Resort at a Glance: Stonewall Resort
Rolling mountains and the serene Stonewall Jackson Lake create the backdrop for the sprawling Stonewall Resort. An AAA Four Diamond Adirondack-style lodge sits on an expansive property. You can take in the gorgeous views from the huge lakeside patio, unwind with massages in the on-site spa, or pose for mantle-worthy portraits on the boardwalk that extends across the lake.
- Lodge-room amenities: 37-inch high-definition TV, free WiFi, and views of the lake, mountains, or golf course.
- Pay Mother Nature a visit on the miles of scenic trails weaving throughout the property.
- Dig into fresh food at the on-site restaurant Stillwaters, which highlights the locally sourced game and fish. An advance reservation is required for on-site dining.
- While the day away in the massive indoor heated pool or the hot tubs.
- Raise a toast at the on-site TJ Muskies Lounge, which features a rustic, stone-back bar, an indoor fire pit, and inventive cocktails.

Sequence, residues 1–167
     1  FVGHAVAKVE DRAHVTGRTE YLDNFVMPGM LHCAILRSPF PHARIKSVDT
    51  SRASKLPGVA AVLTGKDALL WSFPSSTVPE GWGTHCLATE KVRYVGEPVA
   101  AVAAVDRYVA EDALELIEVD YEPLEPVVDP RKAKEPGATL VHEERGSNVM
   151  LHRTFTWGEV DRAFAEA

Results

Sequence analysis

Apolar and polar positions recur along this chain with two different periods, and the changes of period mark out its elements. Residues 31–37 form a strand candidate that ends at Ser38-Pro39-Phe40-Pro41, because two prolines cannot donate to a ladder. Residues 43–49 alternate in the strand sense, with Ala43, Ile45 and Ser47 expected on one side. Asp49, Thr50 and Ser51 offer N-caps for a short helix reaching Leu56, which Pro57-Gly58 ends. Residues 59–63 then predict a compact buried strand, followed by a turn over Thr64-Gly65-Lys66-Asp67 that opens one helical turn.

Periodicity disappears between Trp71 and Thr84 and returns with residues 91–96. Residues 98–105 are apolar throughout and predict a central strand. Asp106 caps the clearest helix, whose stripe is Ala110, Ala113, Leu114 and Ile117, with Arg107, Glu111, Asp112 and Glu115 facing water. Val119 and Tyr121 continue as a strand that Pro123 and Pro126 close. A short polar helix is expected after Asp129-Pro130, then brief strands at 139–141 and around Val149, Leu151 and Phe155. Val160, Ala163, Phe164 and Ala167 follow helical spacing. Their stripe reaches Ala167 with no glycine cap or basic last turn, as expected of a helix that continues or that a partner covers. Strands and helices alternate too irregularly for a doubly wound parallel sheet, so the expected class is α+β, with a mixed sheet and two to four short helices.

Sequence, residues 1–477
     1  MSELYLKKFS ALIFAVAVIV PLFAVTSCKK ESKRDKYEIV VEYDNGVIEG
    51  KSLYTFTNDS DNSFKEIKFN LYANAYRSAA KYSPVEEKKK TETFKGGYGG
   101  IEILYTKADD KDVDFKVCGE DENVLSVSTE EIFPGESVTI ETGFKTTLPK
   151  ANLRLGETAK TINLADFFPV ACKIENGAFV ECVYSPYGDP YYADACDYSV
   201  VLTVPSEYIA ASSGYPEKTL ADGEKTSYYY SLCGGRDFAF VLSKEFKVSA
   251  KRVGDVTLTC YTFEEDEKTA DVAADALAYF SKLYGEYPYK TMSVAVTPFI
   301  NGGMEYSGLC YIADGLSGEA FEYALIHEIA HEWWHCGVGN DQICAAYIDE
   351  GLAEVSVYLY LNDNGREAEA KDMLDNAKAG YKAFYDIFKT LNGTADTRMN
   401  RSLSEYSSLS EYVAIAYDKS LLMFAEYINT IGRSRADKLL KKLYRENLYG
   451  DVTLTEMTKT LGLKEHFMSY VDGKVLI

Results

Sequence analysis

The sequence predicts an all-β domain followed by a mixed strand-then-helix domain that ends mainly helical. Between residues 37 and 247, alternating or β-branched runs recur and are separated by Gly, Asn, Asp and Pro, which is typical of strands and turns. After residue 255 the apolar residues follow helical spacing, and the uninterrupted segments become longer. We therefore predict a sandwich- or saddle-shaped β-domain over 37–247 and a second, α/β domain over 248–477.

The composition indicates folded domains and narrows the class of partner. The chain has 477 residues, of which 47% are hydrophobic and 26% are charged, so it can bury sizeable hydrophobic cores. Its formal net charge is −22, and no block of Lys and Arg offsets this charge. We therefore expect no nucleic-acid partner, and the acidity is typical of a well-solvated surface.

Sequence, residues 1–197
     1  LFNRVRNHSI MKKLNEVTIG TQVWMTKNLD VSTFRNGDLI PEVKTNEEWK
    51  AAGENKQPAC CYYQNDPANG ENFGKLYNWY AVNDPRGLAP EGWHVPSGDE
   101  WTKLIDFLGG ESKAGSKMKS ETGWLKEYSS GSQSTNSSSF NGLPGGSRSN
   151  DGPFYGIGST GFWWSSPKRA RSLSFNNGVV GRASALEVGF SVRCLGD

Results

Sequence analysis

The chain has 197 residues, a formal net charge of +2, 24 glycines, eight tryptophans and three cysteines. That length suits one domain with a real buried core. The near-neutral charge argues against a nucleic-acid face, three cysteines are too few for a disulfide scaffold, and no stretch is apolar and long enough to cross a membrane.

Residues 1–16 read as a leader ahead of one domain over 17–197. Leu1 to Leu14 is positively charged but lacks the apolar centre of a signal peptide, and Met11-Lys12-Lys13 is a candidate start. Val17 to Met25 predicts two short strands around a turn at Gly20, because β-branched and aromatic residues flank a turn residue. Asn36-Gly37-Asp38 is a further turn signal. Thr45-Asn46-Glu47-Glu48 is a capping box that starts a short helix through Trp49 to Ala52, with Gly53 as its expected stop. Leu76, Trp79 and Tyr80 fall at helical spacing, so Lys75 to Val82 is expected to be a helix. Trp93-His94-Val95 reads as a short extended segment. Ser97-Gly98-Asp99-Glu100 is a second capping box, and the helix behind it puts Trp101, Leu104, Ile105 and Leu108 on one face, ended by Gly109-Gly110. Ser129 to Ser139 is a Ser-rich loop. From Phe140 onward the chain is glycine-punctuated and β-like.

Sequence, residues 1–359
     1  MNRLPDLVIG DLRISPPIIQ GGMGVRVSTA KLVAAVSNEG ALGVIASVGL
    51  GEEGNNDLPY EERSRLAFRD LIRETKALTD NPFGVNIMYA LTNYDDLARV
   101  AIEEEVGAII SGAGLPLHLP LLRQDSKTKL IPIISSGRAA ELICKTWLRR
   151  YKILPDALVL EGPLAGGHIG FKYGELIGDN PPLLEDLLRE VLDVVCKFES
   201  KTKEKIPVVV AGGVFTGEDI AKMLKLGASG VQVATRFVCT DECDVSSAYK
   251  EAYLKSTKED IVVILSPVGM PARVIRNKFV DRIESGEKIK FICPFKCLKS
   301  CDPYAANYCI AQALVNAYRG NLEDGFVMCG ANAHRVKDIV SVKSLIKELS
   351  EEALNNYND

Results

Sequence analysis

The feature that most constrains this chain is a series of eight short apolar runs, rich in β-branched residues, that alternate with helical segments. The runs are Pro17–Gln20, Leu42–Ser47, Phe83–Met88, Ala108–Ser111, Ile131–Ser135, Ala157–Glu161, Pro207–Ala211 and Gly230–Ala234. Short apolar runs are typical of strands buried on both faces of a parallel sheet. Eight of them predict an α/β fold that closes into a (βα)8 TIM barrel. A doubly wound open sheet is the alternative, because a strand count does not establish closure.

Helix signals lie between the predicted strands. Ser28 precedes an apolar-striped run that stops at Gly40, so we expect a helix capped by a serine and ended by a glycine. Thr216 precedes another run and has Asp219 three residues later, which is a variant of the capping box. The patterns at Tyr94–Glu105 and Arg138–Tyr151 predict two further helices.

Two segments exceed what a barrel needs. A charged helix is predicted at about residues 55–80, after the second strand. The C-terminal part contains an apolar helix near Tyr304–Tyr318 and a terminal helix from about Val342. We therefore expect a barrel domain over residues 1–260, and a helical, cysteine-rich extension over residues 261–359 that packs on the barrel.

Roanoke, West Virginia: Hiking, Golf, and Water Recreation on Stonewall Lake
In the heart of West Virginia’s lush mountain woodlands sits Stonewall Jackson Lake State Park. Created by the Army Corps of Engineers in 1990, the namesake lake was designed to bring relief to the flood-prone hamlet of Roanoke, much of which now sits below the waves. These days, the centerpiece of Roanoke is Stonewall Resort, where guests come to hike, fish, and boat throughout the year. The resort is also home to an Arnold Palmer Signature golf course that the Washington Post calls “knock-you-back-on-your-heels beautiful.”
From Roanoke, you can easily take a side trip to Weston, a 15-minute drive to the north. Weston is known for its glassworks; visit the Museum of American Glass to see pieces prized for their color and delicacy, or learn about the glassmaking process during a tour of Appalachian Glass. Weston is also where you’ll find the Trans-Allegheny Lunatic Asylum, a decommissioned mental hospital where tour groups can learn about the fascinating (and often dark) early history of mental health care in the United States.